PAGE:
Sunday, August 12, 2012

Mango Sticky Rice for Thailand's Mother's Day

Kids climb trees, in spite of the fact that it scares their mothers, who are afraid they might fall off it and break a limb, or get electrocuted. In many Latin American and Asian countries, and some African countries, mango trees can reach very tall heights, and are still the most popular ones among children, because the golden prize for disappearing behind the finger-like leaves lies among the branches: the mangoes themselves. Most of them emerge unscathed, fortunately, thus being more motivated to continue engaging in what could be called an after-school sport for some. For others, it is even necessary for survival, when food is scarce for economic reasons, and in remote places where school buildings are nonexistent, classes might take place under the mango tree. In the Dharhar town in India, planting mango trees that will later become a girl's dowry even saves newborn girls' lives.

I don't recall ever climbing a mango tree, but I was recently armed with a sack full of mangoes, as they are in season from April through July...and thus set out to find world desserts that use this luscious orangey, buttery, melt-in-your mouth fruit that contains most of the Vitamin C you need in the day.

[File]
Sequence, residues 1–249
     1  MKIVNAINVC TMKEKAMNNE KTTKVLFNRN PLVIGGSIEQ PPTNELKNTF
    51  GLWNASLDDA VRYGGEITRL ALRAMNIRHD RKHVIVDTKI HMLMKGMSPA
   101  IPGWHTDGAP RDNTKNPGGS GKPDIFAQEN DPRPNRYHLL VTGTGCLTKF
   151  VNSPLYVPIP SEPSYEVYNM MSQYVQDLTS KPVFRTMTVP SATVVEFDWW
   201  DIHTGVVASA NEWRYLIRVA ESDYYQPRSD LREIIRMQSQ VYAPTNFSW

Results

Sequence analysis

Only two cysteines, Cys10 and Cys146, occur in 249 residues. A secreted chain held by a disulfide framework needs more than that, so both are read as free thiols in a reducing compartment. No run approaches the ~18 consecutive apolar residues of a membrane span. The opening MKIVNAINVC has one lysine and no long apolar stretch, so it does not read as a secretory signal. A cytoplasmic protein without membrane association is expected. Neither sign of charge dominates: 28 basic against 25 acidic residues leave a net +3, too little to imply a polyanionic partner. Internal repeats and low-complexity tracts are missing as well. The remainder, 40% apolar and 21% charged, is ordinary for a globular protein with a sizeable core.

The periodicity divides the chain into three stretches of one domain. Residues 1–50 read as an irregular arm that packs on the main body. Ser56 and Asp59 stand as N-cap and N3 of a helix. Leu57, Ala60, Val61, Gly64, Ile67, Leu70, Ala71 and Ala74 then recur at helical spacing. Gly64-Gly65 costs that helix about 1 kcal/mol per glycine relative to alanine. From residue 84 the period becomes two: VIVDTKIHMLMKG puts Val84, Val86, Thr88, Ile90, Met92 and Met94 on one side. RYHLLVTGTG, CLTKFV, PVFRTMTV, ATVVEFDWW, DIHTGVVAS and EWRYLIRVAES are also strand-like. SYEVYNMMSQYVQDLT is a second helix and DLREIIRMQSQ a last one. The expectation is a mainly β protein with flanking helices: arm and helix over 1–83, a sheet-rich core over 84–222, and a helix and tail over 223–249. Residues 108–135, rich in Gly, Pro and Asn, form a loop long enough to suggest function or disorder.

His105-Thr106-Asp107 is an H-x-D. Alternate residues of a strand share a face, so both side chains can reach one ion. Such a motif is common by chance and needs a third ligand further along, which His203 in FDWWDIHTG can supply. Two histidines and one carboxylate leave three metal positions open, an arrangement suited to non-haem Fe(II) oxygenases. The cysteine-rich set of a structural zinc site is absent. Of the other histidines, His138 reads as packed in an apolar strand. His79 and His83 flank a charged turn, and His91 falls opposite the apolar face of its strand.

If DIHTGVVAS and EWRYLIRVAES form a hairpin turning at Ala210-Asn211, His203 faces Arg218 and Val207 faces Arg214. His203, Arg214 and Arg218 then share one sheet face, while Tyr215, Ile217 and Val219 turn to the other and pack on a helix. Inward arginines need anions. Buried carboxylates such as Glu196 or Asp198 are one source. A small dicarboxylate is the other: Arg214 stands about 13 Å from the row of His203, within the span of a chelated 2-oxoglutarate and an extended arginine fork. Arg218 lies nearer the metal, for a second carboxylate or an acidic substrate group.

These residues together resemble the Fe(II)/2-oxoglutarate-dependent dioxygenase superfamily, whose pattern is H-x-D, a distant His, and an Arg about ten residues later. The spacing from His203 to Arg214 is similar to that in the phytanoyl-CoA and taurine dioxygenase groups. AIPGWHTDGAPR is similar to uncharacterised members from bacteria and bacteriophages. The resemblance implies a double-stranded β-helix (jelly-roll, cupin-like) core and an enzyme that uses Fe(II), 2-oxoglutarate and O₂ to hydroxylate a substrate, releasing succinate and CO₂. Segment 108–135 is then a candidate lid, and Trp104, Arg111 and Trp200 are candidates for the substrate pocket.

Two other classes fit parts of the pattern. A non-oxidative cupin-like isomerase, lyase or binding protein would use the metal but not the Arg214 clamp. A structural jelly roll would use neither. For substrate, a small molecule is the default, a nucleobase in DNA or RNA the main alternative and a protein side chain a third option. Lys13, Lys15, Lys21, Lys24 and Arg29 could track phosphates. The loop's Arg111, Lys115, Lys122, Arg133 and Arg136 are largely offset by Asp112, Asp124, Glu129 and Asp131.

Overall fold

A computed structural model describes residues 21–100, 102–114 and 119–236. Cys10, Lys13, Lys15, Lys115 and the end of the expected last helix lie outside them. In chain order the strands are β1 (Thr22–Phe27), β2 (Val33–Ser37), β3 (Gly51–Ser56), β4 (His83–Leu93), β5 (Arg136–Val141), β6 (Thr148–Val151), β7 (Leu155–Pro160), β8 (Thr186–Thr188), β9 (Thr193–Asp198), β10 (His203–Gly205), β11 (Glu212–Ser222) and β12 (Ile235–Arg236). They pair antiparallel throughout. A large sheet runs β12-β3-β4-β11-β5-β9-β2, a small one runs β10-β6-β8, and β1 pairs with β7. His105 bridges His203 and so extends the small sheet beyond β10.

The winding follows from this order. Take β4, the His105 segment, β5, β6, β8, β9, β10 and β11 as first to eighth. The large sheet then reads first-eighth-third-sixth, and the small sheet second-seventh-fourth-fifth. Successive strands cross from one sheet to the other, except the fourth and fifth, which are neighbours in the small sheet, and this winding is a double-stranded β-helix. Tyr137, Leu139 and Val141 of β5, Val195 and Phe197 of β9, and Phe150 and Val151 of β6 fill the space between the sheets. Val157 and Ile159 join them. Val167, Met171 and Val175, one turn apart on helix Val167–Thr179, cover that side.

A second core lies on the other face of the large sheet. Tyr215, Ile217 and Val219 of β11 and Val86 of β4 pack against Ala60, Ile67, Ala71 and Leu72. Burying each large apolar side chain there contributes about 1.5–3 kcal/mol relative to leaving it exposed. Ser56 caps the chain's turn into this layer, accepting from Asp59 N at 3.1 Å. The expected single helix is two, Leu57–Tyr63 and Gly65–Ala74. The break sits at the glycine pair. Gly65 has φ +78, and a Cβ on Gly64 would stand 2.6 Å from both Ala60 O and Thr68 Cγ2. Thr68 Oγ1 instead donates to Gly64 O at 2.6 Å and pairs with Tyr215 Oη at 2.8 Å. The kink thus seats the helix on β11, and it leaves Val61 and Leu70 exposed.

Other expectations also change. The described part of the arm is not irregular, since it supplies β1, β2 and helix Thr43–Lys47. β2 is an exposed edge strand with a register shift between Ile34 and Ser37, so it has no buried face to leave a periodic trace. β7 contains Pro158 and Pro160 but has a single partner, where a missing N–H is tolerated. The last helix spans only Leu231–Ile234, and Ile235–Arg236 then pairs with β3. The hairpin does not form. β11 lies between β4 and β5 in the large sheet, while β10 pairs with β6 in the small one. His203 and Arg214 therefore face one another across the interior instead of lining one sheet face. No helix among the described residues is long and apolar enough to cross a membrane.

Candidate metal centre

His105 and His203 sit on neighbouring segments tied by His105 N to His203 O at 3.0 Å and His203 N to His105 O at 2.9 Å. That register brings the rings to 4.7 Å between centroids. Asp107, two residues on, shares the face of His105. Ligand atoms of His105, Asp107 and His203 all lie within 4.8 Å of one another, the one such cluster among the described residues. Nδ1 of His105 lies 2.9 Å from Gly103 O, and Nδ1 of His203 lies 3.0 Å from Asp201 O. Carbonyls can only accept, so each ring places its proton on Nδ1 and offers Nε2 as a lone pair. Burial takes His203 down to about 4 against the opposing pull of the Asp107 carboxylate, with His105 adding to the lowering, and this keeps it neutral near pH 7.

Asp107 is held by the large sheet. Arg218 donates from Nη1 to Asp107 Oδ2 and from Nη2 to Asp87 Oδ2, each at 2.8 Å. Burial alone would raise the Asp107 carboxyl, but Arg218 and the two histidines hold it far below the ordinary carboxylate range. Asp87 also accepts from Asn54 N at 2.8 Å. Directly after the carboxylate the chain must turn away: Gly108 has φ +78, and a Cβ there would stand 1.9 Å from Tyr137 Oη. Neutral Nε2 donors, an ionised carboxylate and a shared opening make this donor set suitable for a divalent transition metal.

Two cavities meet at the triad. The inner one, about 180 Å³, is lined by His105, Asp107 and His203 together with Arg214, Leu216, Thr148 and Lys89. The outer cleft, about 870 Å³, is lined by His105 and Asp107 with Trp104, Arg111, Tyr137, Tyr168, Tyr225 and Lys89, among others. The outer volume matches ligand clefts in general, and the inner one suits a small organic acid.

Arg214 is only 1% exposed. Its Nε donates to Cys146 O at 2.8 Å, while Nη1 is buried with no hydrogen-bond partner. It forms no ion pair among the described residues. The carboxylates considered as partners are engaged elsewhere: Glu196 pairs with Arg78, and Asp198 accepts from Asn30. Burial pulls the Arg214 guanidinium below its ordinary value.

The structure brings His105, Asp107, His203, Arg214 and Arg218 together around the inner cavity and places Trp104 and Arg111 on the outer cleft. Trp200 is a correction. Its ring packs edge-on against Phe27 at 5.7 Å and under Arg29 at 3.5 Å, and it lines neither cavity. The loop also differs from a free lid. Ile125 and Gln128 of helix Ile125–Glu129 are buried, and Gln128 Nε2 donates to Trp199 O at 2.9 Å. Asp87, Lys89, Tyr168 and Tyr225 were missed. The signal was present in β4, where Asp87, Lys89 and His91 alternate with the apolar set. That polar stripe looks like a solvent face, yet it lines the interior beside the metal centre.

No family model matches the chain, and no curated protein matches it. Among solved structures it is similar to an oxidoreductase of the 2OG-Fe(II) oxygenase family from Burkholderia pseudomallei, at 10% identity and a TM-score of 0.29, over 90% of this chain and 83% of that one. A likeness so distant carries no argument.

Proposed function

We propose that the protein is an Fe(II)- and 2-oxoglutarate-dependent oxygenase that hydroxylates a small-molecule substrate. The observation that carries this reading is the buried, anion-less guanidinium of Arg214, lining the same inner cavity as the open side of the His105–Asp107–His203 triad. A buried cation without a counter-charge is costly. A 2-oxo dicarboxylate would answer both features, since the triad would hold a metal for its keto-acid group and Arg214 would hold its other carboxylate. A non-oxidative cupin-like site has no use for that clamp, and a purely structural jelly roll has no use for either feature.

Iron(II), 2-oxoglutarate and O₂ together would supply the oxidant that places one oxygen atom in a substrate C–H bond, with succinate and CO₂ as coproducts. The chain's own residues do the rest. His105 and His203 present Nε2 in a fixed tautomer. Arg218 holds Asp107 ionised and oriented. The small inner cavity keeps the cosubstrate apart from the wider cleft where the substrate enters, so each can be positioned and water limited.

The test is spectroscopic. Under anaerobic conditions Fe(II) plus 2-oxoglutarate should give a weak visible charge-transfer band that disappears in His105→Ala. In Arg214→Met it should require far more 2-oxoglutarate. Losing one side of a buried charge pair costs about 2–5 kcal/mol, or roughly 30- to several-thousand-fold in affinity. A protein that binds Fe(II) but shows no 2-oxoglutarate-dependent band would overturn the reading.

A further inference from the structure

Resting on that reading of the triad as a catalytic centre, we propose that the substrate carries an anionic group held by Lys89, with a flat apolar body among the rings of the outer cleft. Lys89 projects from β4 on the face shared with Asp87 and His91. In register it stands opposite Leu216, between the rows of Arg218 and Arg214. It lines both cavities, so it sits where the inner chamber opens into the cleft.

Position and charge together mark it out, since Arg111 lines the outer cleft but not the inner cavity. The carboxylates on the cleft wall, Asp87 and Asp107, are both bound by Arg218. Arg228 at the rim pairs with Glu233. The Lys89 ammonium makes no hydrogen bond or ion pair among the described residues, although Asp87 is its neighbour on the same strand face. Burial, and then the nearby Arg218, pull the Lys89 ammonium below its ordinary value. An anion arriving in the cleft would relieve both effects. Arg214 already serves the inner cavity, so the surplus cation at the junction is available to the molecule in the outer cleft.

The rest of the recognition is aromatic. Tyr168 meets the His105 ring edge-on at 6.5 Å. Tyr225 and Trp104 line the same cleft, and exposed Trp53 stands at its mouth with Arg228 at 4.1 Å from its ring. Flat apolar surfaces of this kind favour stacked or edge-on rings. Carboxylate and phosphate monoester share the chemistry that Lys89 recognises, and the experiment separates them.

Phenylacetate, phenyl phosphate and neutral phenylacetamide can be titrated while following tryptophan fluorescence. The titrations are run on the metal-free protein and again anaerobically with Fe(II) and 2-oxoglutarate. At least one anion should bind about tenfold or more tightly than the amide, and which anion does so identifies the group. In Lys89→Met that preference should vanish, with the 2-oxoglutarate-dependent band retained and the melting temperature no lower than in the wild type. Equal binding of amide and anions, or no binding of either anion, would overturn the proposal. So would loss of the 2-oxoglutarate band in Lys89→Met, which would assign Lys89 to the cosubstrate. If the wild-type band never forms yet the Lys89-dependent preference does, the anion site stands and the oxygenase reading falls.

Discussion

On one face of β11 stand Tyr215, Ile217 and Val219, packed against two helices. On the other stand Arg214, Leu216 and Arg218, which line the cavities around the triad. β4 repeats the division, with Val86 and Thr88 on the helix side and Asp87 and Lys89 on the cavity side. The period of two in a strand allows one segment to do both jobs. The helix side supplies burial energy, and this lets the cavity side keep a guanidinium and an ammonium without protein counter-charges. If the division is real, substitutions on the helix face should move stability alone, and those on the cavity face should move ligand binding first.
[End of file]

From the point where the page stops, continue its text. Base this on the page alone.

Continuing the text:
The Queen's Birthday
In Thailand, the current regent queen Sikrit's birthday is celebrated today, August the 12th. It is automatically also considered Mother's Day in the country, and is a moveable national public holiday, so the day off is tomorrow, August 13th. Bangkok holds many festivals and events on this day, but the more traditional provinces in Thailand also revere this day. The exteriors of buildings are decorated with the national flags, lights, and more. People offer flowers and gifts to their mothers and other women they honor, and do charity this day, including giving food to monks.

Recipe for kao niow mamuang: 


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